Despite her treatment, TCU wanted Doe No. 3 to participate in school activities because she could speak about her experience with a Chancellor’s Scholarship. She claims she is being used as a minority show piece, according to the lawsuit.
Doe No. 3 said she had a difficult time managing her diabetes and classwork with the treatment she received on a daily basis, so she reached out to Student Disability Services for help. She has not received any communication from them besides a request for more information on her condition, according to the lawsuit.
Doe No. 3 said Turner discouraged her from filing a formal complaint with the Title IX office because it would be a “hassle,” according to the lawsuit. She has yet to receive a response from the university regarding the discrimination she endured at TCU, the suit said.
The treatment she has experienced has prevented her from going to class often and turning her homework in on time. She quit her job in the Honors College and has considered leaving TCU. Doe No. 3 also decided she would not be able to attend graduate school anymore because of the stress she’s endured.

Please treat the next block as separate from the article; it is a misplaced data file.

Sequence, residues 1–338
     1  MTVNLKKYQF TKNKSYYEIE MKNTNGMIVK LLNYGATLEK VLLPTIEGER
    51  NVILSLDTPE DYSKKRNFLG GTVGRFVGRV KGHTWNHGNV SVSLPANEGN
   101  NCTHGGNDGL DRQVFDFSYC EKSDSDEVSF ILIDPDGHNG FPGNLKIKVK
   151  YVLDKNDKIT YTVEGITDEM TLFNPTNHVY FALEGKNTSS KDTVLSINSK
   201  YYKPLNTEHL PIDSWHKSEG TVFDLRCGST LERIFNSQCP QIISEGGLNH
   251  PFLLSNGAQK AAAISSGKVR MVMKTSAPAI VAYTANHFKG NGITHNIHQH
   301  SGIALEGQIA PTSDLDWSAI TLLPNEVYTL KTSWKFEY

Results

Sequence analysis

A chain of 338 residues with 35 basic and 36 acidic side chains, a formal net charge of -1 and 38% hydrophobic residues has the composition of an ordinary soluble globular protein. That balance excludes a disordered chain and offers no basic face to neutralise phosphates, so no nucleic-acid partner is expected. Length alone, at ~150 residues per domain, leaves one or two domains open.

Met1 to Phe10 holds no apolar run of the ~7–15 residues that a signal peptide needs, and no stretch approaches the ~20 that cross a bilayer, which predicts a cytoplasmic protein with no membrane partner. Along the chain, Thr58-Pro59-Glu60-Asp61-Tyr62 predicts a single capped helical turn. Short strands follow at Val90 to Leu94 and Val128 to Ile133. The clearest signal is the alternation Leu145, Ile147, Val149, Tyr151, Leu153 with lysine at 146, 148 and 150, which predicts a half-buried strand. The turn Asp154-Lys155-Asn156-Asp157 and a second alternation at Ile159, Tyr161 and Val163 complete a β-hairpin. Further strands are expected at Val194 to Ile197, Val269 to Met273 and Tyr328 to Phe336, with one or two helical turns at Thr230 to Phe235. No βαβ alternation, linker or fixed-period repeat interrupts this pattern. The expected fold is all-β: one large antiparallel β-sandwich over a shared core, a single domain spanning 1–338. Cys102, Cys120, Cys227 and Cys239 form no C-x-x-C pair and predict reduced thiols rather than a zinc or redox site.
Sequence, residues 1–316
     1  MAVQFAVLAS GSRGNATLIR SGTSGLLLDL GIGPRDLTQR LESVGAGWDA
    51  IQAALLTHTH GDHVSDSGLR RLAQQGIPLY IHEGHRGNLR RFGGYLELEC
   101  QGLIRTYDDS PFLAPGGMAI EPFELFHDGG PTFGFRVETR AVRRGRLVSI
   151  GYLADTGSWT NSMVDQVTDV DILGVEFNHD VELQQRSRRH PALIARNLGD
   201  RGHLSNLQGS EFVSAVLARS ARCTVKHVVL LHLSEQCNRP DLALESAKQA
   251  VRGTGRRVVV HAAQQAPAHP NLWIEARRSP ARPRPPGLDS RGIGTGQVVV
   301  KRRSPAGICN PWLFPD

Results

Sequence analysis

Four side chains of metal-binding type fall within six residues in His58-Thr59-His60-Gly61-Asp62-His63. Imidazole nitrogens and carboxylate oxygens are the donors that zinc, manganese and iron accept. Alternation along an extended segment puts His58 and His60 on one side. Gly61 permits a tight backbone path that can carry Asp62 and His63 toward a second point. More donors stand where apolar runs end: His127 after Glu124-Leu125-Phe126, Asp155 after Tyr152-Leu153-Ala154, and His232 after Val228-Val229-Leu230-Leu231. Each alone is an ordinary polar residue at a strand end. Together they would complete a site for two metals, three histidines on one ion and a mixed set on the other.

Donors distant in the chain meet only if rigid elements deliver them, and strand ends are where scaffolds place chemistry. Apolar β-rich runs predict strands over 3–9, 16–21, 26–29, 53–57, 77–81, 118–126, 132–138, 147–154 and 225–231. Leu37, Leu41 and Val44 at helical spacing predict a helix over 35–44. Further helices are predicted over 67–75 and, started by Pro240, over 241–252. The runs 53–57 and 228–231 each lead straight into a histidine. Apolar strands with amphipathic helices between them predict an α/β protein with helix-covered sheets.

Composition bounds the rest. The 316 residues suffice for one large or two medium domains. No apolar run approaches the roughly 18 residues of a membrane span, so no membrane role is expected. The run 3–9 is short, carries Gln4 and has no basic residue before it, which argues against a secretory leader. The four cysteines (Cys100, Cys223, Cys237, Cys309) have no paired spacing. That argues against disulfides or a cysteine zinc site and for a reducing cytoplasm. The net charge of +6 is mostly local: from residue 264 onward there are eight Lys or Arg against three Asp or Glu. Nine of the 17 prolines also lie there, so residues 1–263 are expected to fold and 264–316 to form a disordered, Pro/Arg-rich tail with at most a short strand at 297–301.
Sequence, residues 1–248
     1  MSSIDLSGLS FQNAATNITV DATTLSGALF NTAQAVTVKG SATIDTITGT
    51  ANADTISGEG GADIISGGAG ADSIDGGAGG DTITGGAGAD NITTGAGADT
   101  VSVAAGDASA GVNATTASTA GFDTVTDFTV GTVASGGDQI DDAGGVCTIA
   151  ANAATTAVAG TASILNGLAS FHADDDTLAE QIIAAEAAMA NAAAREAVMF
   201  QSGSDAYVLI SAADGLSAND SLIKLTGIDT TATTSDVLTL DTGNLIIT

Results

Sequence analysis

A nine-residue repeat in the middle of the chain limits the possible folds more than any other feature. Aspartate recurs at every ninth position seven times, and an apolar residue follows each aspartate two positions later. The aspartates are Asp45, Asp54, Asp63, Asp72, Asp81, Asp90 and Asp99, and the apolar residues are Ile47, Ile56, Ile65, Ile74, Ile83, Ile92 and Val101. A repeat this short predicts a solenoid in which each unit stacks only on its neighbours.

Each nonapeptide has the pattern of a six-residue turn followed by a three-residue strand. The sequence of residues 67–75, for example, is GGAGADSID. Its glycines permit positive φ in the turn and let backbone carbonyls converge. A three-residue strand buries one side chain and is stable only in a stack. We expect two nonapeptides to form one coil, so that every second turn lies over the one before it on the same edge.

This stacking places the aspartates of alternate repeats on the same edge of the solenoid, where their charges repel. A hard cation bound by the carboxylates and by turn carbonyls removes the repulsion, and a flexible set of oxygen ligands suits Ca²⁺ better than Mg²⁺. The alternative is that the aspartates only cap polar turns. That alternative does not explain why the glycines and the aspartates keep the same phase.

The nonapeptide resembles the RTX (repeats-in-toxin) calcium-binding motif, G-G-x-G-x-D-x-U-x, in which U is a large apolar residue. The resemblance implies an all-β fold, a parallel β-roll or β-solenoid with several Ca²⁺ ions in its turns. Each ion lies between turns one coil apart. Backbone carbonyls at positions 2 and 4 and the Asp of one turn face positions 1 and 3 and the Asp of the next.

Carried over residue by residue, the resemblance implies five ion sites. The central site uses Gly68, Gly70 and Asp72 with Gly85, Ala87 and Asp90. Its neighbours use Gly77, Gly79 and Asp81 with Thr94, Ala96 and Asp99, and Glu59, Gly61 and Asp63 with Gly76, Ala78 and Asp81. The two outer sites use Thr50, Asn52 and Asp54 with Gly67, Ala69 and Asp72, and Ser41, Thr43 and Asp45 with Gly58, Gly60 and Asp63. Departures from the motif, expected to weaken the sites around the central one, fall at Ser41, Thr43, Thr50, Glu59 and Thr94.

Dr. Silda Nikaj
Dr. Silda Nikaj, who first filed a lawsuit against the university in January claiming she faced racial and gender bias while she taught in the economics department, responded to TCU’s counterclaim that was filed in February.
The counterclaim said that Nikaj’s suit lacked evidence that met “federal pleading standards” and that she failed to inform the university that she had accepted a full-time position at the National Institute of Health (NIH), which prevented her from performing her obligations to teach and advise her students.
Nikaj denied all allegations in TCU’s counterclaim, including the fact that she failed to teach and advise her students when she accepted her position at NIH and that her constructive termination claim is “frivolous, unreasonable and groundless.”